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U.K. government considers broadening social impact decision-making for retirement plans

The U.K. government is considering taking action on a number of areas relating to how far retirement plans may or should consider social impact when making investment decisions.

In an interim response to a report by the U.K. Law Commission, the government outlined plans to clarify legislation about the consideration of broader long-term financial risks; retirement plans' ability to consider participants' non-financial or ethical concerns; and the role of engagement alongside proxy voting as an aspect of stewardship of retirement savings.

The Law Commission was asked by the government in November 2016 to look at how far retirement plans may or should consider social impact in making investment decisions.

"We are encouraged by its finding that there are not substantive regulatory barriers to making social impact investments," wrote Guy Opperman, minister for pensions and financial inclusion, and Tracey Crouch, minister for sport and civil society, in a foreword to the government's response. "Most of the barriers are in fact structural and behavioral, such as the need for clearer legislation and guidance on certain issues, or industry collaboration on engaging consumers."

Among the recommendations by the Law Commission was a call for changes to occupational retirement plan regulations to be amended, requiring trustees to state policies in relation to evaluating risks to an investment in the long term — including sustainability and environmental or social impact — and to consider and respond to participants' ethical and other concerns.

The government said in its response it will consult on the recommendation in full. "It is minded to make the proposed change, by requiring that the statement of investment principles must include trustees' policy on evaluating long-term risks, and any policy on consideration of members' non-financial concerns. On the latter policy, government supports the Law Commission's view that trustees should consider members' ethical and other concerns, and may respond by acting on them where they have good reason to think members share the concern and it does not involve a risk of significant financial detriment."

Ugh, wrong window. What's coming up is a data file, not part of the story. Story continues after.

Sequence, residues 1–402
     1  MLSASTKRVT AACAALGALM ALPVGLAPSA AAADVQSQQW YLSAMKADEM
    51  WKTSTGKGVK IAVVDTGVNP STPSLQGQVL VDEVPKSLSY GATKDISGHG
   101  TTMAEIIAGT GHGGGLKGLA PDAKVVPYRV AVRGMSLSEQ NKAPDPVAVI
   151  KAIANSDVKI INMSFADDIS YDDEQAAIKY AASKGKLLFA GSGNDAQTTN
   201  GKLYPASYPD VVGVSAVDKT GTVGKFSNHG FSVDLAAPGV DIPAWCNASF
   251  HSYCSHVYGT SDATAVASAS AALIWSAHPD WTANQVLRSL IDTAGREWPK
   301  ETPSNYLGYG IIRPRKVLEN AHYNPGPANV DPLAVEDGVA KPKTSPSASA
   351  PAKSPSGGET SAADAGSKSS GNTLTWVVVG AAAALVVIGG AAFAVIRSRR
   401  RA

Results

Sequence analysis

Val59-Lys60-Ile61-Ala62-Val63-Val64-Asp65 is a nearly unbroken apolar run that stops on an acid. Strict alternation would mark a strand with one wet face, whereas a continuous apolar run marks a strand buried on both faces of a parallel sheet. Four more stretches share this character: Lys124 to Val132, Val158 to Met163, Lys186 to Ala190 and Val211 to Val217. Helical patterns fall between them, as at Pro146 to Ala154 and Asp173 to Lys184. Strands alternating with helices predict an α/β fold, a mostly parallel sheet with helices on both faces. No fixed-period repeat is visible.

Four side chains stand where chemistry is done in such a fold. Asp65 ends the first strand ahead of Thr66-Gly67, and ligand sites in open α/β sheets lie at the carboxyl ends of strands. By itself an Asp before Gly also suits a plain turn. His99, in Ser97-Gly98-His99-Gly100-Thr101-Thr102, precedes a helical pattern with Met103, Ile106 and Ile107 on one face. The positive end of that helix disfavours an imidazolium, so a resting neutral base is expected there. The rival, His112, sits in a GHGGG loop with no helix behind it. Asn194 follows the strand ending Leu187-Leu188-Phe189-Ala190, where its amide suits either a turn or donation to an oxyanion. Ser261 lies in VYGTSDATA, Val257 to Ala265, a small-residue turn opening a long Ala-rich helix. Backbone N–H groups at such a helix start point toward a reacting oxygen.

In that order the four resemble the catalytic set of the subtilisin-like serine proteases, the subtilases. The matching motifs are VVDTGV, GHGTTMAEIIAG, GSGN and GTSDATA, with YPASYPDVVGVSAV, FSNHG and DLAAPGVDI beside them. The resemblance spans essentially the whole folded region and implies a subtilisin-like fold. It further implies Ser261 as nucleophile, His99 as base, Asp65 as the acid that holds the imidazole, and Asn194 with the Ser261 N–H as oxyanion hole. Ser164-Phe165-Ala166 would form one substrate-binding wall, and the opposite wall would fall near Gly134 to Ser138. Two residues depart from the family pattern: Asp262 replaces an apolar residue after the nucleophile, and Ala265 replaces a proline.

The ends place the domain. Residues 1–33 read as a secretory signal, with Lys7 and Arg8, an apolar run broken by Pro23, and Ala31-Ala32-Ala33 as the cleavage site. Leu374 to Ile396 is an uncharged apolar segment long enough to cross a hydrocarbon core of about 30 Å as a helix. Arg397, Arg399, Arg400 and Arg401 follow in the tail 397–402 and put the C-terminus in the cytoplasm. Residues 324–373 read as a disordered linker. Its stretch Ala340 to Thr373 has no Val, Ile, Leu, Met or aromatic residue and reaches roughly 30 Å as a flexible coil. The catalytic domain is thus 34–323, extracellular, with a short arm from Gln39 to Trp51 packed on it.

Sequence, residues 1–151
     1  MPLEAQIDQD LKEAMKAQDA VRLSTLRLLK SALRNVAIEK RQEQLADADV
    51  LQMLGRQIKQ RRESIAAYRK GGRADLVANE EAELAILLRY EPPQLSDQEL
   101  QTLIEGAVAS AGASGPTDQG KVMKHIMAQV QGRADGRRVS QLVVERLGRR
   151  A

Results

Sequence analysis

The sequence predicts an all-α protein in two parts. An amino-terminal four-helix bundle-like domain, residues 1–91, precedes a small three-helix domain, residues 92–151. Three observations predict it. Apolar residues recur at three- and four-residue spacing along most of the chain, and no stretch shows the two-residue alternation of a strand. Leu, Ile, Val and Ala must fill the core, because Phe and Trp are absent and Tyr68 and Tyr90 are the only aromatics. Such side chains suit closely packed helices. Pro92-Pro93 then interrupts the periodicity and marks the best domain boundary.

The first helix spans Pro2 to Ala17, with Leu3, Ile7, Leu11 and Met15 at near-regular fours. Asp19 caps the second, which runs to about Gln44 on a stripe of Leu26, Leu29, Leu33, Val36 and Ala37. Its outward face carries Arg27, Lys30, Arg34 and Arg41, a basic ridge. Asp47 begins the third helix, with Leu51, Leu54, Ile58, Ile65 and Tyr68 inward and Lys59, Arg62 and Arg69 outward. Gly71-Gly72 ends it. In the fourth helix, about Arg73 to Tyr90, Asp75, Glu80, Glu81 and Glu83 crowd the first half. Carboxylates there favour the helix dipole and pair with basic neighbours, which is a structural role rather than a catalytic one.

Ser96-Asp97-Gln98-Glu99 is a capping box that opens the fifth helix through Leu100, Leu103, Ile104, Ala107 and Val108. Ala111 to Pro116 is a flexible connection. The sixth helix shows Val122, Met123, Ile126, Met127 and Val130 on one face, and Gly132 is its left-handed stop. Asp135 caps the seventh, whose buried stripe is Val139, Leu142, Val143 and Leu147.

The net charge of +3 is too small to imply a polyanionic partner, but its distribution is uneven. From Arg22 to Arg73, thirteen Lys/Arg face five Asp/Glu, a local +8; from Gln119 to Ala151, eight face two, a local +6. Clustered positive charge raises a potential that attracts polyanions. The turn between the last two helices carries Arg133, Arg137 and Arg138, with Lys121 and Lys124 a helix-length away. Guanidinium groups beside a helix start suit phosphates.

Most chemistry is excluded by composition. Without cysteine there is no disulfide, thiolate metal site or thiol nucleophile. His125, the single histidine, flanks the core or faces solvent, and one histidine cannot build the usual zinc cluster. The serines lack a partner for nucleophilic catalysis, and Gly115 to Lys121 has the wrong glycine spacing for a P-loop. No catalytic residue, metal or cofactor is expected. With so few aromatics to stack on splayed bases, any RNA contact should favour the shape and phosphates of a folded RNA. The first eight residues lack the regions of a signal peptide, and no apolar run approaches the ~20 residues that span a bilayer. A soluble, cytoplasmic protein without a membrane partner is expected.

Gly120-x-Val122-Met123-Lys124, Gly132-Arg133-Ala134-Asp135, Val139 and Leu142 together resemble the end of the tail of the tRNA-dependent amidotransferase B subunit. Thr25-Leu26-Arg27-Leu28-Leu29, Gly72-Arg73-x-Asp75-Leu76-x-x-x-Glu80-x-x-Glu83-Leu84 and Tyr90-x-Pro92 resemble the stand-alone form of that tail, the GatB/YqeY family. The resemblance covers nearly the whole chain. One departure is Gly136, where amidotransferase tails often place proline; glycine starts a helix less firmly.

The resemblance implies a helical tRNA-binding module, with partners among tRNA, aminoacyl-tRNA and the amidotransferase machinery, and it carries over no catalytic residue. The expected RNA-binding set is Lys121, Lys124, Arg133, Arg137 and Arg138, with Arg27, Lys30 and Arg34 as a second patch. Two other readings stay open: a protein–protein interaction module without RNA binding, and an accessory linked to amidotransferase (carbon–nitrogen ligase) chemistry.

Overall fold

Another recommendation was to amend occupational plans' statement of investment principles to outline trustees' policy, if any, on stewardship, including voting and engagement. The government said it will consult on this recommendation.

The Department for Work and Pensions and the Department for Digital, Culture, Media and Sport will work together and with stakeholders — both government and external — to provide a full response to the Law Commission's report by June.

"This is good news for U.K. savers," said Will Martindale, head of policy at the Principles for Responsible Investment, in an emailed comment. "It is widely accepted that sustainability factors (or environmental, social and governance factors) help investors identify value-relevant factors that outdated financial-only analysis does not." However, Mr. Martindale said the PRI finds that many U.K. investors do not systematically integrate ESG factors through their investment processes.

"Many investors tell us that policy and regulatory effectiveness is hampered by weak implementation and inconsistency. Today's report, published by the Department for Work and Pensions, is clear. The DWP has confirmed its support for requirements for trustees to state their policies in relation to ESG issues."

Abbie Parrott contributed to this story.